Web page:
I grew up privileged – white, yes – but also without ever considering what life would look like if my mother’s job did not provide her and her family with healthcare.
When I had walking pneumonia in fifth grade and was in bed for three weeks, I never considered what it would mean if my mother had to choose what to do or where to seek help if we didn’t have insurance.
When I was on birth control pills in high school, the drug co-pays were predictable. I didn’t fear my medication would suddenly become cost-prohibitive.
When I broke my nose, I never once considered that some people couldn’t go to the emergency room because they didn’t have insurance.
When I was in college I tore my ACL and later broke my hand playing college soccer. My bills were covered. I didn’t know other students didn’t have the healthcare I accessed.
I believed healthcare was something everyone had. If someone got sick or injured, s/he went to the doctor, paid the copay, then went to the pharmacy, paid the copay, etc etc.
I was blindly privileged.
I learned my college boyfriend didn’t have health insurance. It was the first time I had ever heard such a thing. “What do you MEAN you don’t have health insurance? Everyone has health insurance!” I was shocked and bewildered. I was angry at him! I tried to convince him to get health insurance. Even though he said it was his choice, I know now that if healthcare were right he wouldn’t have had to choose not to have it.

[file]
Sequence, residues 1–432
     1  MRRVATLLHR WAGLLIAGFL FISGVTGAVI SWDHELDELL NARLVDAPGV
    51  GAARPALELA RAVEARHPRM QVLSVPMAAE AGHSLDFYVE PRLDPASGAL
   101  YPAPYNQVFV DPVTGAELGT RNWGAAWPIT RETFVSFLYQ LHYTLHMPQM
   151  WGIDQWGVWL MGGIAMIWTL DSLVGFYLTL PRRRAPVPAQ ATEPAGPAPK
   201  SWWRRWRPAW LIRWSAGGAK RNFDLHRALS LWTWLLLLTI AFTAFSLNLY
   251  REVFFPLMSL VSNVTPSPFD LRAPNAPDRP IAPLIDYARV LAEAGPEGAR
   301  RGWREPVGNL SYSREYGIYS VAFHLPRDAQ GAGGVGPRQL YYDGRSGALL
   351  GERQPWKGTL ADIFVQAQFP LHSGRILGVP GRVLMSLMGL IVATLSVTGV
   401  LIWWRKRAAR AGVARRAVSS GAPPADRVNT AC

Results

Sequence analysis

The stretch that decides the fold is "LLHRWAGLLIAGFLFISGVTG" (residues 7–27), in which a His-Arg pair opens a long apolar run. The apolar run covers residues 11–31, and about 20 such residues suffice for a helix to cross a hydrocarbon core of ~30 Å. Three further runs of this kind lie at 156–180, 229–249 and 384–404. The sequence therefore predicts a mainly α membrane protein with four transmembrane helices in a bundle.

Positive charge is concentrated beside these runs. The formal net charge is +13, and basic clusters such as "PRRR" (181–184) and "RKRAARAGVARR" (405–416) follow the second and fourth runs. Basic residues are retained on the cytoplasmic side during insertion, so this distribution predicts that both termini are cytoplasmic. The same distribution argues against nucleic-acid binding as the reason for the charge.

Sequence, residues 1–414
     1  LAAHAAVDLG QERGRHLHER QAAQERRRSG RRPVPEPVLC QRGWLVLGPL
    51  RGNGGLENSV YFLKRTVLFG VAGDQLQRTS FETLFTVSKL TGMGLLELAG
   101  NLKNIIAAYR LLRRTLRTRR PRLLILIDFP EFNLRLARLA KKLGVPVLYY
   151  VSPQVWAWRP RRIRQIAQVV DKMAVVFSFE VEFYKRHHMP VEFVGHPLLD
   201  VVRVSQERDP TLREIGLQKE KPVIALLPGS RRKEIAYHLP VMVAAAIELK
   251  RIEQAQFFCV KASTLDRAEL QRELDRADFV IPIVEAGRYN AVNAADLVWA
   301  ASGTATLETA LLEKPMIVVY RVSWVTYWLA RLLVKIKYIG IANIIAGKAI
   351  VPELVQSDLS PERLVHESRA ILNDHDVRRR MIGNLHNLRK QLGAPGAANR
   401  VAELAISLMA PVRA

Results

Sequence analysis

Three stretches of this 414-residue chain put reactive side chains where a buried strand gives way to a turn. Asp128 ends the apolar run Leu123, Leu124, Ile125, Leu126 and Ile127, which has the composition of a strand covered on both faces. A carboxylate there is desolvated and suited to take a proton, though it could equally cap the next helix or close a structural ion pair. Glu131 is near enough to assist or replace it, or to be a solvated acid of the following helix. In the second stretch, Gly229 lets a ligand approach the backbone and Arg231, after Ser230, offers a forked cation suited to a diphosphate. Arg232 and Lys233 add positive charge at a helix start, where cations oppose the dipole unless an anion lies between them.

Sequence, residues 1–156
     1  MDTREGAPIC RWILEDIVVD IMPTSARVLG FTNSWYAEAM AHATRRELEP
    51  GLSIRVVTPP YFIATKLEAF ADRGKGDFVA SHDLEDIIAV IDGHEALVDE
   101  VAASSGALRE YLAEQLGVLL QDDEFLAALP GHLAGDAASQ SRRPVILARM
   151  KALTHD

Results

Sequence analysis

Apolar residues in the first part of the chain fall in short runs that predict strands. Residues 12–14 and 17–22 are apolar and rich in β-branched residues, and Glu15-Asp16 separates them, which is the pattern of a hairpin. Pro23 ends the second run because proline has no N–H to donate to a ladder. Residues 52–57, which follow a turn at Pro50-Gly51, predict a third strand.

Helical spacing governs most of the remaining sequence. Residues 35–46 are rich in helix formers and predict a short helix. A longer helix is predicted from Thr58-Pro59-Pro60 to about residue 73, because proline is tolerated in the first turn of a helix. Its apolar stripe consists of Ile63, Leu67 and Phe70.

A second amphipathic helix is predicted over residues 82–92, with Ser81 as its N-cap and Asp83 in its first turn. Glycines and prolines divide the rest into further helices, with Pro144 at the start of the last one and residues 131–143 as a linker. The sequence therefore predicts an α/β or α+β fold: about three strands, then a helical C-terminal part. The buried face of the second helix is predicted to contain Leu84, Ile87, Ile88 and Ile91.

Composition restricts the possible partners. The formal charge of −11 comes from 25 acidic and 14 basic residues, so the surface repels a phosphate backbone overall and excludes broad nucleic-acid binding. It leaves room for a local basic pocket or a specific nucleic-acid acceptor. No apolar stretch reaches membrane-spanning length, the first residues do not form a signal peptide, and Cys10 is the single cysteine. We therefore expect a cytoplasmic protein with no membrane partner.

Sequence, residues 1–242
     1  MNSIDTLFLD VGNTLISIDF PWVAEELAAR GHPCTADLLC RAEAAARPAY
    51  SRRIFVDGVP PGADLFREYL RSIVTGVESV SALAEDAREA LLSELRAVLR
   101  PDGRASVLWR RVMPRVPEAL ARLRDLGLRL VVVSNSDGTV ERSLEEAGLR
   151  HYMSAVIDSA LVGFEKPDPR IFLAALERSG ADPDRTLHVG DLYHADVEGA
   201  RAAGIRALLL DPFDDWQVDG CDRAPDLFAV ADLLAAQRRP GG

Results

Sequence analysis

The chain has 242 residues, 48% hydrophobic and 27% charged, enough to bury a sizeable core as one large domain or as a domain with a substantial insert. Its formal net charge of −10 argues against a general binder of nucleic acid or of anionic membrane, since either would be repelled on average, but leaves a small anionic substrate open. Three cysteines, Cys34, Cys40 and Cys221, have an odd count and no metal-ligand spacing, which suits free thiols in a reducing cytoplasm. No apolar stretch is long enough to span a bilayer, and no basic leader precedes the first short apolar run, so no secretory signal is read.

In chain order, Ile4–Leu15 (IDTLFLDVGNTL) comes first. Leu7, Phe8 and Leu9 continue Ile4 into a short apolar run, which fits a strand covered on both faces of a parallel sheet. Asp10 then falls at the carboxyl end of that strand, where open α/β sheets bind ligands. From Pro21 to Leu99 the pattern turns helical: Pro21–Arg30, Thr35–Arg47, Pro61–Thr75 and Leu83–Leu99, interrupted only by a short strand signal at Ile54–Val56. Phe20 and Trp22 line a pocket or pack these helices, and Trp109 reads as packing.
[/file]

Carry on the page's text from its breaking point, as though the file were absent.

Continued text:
When I graduated from college I learned not all jobs provide insurance. I began to wonder how people without it accessed healthcare and considered myself lucky to find a job that provided it. I had insurance, but it was just a cushion in case I broke my nose again, or to get my annual pap smear. And because I assumed it would always be there I didn’t use my healthcare as I should have. I didn’t have a primary care physician. My health records were all over the place; every checkup happened in a different office with a different doctor. I ran marathons, I ate healthfully, and I hardly ever got sick.